But realize this. YOu are no more right than the evangelical christian or the mormon missionary or anyone else that thinks they have the answer and feels the need to share it with the world.

You are right. I have disdain.

People should be allowed to believe or not believe as long as it doesn't infringe on the rights of others.

I object to proselytizing.

And that is exactly what persuading someone that they may be wrong, when you have no more evidence than they do, is.

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Response to cbayer (Reply #14)

Sun Jul 20, 2014, 05:43 PM

15. I got that

I find it absurd, but i know it's your opinion.

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Response to edhopper (Reply #15)

Sun Jul 20, 2014, 05:45 PM

17. Of course you find it absurd.

Evangelizers never see that they are exactly like those they oppose.

It's the nature of the business.

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Response to cbayer (Reply #17)

Sun Jul 20, 2014, 05:48 PM

18. I find it absurd

that you find recommending a book to someone, or challenging their belief when it comes up in a discussion is the same as missionaries going door to door or standing on street corners telling people they are going to hell.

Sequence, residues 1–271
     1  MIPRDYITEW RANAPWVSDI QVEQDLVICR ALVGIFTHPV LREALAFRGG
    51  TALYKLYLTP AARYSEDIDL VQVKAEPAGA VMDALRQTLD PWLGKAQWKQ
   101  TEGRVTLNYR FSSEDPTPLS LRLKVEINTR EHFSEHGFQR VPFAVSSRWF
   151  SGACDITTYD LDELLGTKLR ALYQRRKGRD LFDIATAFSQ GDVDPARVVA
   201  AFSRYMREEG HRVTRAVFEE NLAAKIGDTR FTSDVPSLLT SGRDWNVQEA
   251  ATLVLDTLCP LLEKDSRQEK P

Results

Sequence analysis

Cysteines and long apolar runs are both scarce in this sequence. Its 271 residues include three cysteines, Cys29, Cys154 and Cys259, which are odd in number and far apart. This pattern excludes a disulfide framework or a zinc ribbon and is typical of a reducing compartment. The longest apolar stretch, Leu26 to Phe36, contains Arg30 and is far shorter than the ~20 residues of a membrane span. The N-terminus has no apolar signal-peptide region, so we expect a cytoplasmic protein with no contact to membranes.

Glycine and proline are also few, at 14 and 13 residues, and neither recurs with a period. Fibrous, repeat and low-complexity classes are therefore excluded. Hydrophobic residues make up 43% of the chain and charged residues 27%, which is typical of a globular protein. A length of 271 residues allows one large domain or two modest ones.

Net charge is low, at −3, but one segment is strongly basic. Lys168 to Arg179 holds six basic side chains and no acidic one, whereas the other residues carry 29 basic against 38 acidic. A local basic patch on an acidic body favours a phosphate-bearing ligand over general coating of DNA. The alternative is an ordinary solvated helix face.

I find it preposterous that you think those are exactly the same.

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Response to edhopper (Reply #18)

Sun Jul 20, 2014, 05:52 PM

21. Why do you always make these ridiculously extreme extrapolations from what I say?

I never said anything like you are proposing. I have not problem with recommending a book or having a discussion about one's beliefs or lack of beliefs.

I never said anywhere that I find those exactly the same, only that I see similarities.

You seem to want it to be entirely different. But it's not.

With that, I bid you good night. It's very late here and I have had a long day.

As usual, it's been a pleasure talking to you.

Although we disagree, I like that we are able to do so in a civil and respectful fashion and look forward to more conversation in the future.

I am not your enemy, no matter what my fan club says.

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Response to cbayer (Reply #21)

Sun Jul 20, 2014, 05:54 PM

22. Who's atheistic proselytizing

do you find remotely similar to that of the born again fundies, Jevohahs or Mormons?

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Response to edhopper (Reply #22)

Mon Jul 21, 2014, 04:02 AM

23. I, I don't know. Something about taking the position that there is

only one right way, that a person knows that way and the need to try and save those who don't know it.

Something which one unfortunately can be seen in some non-believers.

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Response to cbayer (Reply #23)

Mon Jul 21, 2014, 09:09 AM

24. So it's about his

beliefs, and not his actions?

Does Dawkins have his followers go door to door, or preach on street corners?
Does he condemn people to hell for not agreeing with him.

A funny T-shirt makes him equal to the christian missionaries?

That's your argument?

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Response to edhopper (Reply #24)

Mon Jul 21, 2014, 09:58 AM

25. His t-shirt is not funny. It's offensive.